Synchronous Flashing in Fireflies

The wings are on and it’s starting to look more like the real thing.

Some male fireflies flash in sync over large areas. This species is apparently the only in the United States that does it. They can light up whole forests or hillsides with waves of synchronous display.

I found a recent explanation of the phenomenon here, but I’m not sure I understand it fully. Males fly around flashing to attract the females’ attention. The experiment showed that the females’ response rate was 10% or less with asynchronous flashing but over 80% if in sync. And if I’m reading it correctly, this suggests that it’s easier for females to track the movement of specific males when in sync, since out of sync “the female would see a cluttered landscape of unrecognizable flashes”.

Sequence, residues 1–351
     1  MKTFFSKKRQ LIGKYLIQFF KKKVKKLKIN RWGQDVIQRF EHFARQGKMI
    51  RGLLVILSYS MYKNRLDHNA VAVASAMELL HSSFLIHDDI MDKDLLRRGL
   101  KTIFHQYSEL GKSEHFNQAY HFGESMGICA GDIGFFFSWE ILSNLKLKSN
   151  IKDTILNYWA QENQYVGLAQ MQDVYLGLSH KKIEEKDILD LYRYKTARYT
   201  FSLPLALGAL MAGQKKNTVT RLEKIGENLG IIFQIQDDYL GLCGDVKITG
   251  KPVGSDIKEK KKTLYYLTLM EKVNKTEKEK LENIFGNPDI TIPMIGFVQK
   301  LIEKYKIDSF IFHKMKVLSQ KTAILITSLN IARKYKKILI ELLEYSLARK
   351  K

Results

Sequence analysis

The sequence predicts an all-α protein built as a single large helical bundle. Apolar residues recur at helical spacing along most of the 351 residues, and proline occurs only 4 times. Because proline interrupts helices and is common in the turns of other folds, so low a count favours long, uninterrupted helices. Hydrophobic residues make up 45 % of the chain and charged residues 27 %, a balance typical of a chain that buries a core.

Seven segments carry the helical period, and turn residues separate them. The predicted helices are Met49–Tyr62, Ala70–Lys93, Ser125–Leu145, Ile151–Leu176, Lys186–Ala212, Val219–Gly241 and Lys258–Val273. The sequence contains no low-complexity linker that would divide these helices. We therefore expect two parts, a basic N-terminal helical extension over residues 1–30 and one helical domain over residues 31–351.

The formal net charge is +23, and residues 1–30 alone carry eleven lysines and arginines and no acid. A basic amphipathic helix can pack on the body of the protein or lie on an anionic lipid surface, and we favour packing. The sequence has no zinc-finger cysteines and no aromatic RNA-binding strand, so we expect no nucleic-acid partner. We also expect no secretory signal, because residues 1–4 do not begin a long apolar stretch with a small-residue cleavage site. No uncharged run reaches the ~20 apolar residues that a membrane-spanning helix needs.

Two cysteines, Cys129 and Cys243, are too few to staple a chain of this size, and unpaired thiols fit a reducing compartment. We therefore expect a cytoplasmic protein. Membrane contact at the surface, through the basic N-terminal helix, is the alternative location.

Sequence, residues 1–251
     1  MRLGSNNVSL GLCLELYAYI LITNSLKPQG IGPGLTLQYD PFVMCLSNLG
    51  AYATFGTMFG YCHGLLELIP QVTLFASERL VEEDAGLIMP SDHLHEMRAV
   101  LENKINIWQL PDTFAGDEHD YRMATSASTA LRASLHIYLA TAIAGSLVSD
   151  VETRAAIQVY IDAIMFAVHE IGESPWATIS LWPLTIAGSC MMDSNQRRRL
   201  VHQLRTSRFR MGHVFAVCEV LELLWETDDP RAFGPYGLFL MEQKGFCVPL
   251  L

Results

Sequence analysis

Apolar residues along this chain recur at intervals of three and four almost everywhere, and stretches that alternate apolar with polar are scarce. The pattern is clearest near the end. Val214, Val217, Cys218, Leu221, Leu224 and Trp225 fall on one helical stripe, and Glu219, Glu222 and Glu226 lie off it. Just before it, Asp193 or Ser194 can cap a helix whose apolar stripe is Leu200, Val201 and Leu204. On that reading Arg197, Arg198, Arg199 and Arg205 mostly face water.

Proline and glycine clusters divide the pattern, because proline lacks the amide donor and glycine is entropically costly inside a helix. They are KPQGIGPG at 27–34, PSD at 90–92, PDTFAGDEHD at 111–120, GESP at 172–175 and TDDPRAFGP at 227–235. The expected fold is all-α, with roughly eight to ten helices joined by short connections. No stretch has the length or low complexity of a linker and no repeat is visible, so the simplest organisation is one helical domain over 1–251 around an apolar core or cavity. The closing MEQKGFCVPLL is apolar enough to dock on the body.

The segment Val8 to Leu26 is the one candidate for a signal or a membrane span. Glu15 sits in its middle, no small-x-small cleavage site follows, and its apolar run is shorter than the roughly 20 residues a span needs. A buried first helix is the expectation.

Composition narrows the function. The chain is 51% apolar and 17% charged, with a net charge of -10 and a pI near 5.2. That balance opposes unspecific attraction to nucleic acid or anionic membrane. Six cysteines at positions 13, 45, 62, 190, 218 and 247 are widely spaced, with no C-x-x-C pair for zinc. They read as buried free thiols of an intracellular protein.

I got to see some synchronous flashing myself last month. Japan’s GenjiBotaru does it too, though it wasn’t over a large area. I saw gangs of five to ten fireflies flying in groups and flashing in perfect sync. Lucky, since I was planning to incorporate it into my story.

Lycostomus modestus

This one was just outside the front door today. There are a few insects that look very similar, but I’m pretty certain it’s “Lycostomus modestus” (ベニボタル). It’s a close relative of the firefly but doesn’t glow. The japanese name for the insect actually includes the word “firefly” due to the close resemblance.

Here he/she is moving about ….

Continue reading Lycostomus modestus